The Heroic Canine
The K-9 Corps
The domesticated pet dog has been somewhat permanently labeled as “Man's Best Friend.” That may be true during times of peace. But during times of war, that designation certainly doesn't apply to the enemy. Many of what we call household pets were invaluable resources that saved many allied lives during times of war.
But it wasn't only during times of war these dogs have become valuable resources. For instance, how many lives were saved during 9/11 because of canines being able to locate people buried beneath tons of rubble?
And what about police and other law enforcement canines responsible for locating bombs and other explosives? It can be said without a doubt, in most respects the dog is worthy of the title "Man's best friend."
Irregardless of whether a dog is enlisted by the military, police or other law enforcement agency, no one can deny their value as guardians of many homes. Not to mention their other uses as helpmates to the blind and other and affirmed individuals. The history of canines in combat begins in the dusty pages of history.
Canine War History
The first mention of dogs used in combat situations is from an ancient kingdom of Lydia in modern-day Turkey. Around 600 B.C.E. Attack dogs were used to attack enemy cavalry. Centuries later, the Roman army trained their own specially bred combat war dogs.
Modern War Dogs
Before World War I the United States had not established an official K9 Program. Her and her or They borrowed trained sentry and courier dogs from the French, Belgian, and English troops.
In 1942, the United States Army began training dogs for a controversial “K-9 Corps.” Over a million dogs participated during World War I counting those on both sides. They carried messages and provided comfort to soldiers. However, the American military stopped training dogs for military purposes after World War I.
When the country entered World War II in 1941, a call went out for certain breeds of canines to aid in the war effort. The K-9 Corps preferred: German Shepherds, Belgian sheep dogs, Doberman Pinschers, collies, Siberian Huskies, Malamutes and Eskimo dogs.
Their training lasted about 12 weeks. Depending on their individual talents they were sent through one of four programs. They were to work as sentries, scouts, messengers or mine detectors. To prepare them for work as sentries, scouts, messengers or mine detectors. They were also essential in alerting allies to the presence of enemy troops.
However, these valiant dogs were not always treated with the respect they deserved. The Soviet Union used dogs to destroy enemy tanks. They trained their animals to seek out German Panzers. The only problem was they were fit with explosive charges that would detonate when coming into contact with the Panzers. Of course, that sealed the dog's fate.
During more modern times in the late fifty's and early sixty's, very expensive jet aircraft and sophisticated weapons systems these dogs were used to provide security where they were housed.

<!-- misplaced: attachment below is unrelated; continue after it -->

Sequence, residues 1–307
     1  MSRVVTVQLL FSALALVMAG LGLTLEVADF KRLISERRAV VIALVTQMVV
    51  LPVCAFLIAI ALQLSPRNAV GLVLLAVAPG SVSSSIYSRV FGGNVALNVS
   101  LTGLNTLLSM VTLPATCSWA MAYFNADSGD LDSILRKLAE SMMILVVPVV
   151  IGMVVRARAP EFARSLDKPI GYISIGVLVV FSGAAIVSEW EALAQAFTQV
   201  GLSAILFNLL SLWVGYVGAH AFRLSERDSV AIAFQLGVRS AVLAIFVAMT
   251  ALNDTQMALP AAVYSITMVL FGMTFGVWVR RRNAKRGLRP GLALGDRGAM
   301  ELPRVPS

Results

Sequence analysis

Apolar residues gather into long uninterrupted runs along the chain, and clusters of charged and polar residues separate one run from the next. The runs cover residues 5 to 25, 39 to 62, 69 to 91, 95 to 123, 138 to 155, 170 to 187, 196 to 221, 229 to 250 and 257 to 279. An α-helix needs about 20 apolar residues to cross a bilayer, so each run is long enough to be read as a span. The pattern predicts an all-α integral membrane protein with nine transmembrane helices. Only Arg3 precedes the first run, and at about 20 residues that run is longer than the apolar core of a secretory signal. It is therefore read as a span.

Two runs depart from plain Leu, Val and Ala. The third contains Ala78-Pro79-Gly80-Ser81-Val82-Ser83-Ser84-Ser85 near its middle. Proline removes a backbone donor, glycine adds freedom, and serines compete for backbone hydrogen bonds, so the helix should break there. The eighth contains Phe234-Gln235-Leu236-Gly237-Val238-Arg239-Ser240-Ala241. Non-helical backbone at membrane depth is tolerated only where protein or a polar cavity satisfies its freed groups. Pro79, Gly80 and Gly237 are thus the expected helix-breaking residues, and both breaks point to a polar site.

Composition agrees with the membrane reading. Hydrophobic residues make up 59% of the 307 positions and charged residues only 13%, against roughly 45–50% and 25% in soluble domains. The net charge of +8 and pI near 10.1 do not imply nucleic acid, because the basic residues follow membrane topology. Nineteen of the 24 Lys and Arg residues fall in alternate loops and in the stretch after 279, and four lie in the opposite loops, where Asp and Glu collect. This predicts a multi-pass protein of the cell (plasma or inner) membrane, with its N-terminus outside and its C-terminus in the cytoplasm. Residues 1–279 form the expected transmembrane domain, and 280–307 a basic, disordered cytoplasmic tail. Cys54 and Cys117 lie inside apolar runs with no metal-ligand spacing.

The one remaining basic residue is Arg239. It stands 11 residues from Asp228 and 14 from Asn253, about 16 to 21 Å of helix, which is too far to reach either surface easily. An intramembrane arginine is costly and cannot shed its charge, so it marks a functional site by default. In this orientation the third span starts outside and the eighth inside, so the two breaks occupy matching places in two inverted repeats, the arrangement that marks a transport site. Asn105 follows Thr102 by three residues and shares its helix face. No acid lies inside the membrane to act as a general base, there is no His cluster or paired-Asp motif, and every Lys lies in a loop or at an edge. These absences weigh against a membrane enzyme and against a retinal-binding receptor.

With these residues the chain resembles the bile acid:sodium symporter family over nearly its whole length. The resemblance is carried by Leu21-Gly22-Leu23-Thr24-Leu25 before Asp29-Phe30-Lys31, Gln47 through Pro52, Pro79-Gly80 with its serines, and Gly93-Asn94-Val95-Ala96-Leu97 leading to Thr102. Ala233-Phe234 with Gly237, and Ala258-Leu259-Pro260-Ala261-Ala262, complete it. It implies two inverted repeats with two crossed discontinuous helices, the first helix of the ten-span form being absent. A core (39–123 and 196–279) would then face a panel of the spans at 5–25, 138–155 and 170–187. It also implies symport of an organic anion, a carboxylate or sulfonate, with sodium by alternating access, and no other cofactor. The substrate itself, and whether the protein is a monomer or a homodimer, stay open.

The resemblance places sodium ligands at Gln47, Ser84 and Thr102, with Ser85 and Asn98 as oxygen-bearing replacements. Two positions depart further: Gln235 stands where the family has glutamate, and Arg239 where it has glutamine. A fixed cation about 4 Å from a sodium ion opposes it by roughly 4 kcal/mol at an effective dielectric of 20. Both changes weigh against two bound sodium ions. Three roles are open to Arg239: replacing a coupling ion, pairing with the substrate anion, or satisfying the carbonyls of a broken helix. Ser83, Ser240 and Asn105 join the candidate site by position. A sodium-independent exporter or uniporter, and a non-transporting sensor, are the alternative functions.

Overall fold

After their usefulness in Vietnam, these heroic dogs who had served so loyally were essentially discarded as military equipment. Many were eusthanized as a cost-effective measure. Many have raised their voices as they considered these actions as an atrocity.
Whether you call them service dogs, guide dogs, or support dogs, these specially-trained animals are invaluable. They pull wheelchairs, pick up dropped items, and act as the eyes or ears of their charges.
Many studies have shown dogs are able to detect cancer in humans. It's often discovered after a dog’s persistent attention to one's body part the owner seeks medical attention and has discovered they have cancer at the specific part identified by the dog.
Federally funded studies have discovered trained canines are in a majority of cases able to identify samples of blood, tissue or aspirations drawn from people with cancer. In one study conducted by National Geographic, canines were able to detect breast and lung cancer the majority of the time.
Another type of service dog is a "seizure dog." How they are able to sense when a person is about to have a seizure isn't fully understood. It's postulated dogs are likely responding to an olfactory cue or smell. Trainers admit they can't train their dogs to be aware of oncoming seizures. The only plausible explanation is once a dog develops a strong bond with their owners they are able to sense when their charges are about to experience a seizure. Service dogs also seem to have an innate ability to detect when a person’s glucose level changes, which is helpful in monitoring diabetes.
The evidence is mounting that bonding with pets has beneficial biological effects such as elevated levels of hormone oxytocin. “Oxytocin improves trust, the ability to interpret facial expressions, the overcoming of paranoia and other pro-social effects. In addition the American Heart Association claims that owning a dog has been associated with a reduced risk of heart disease.
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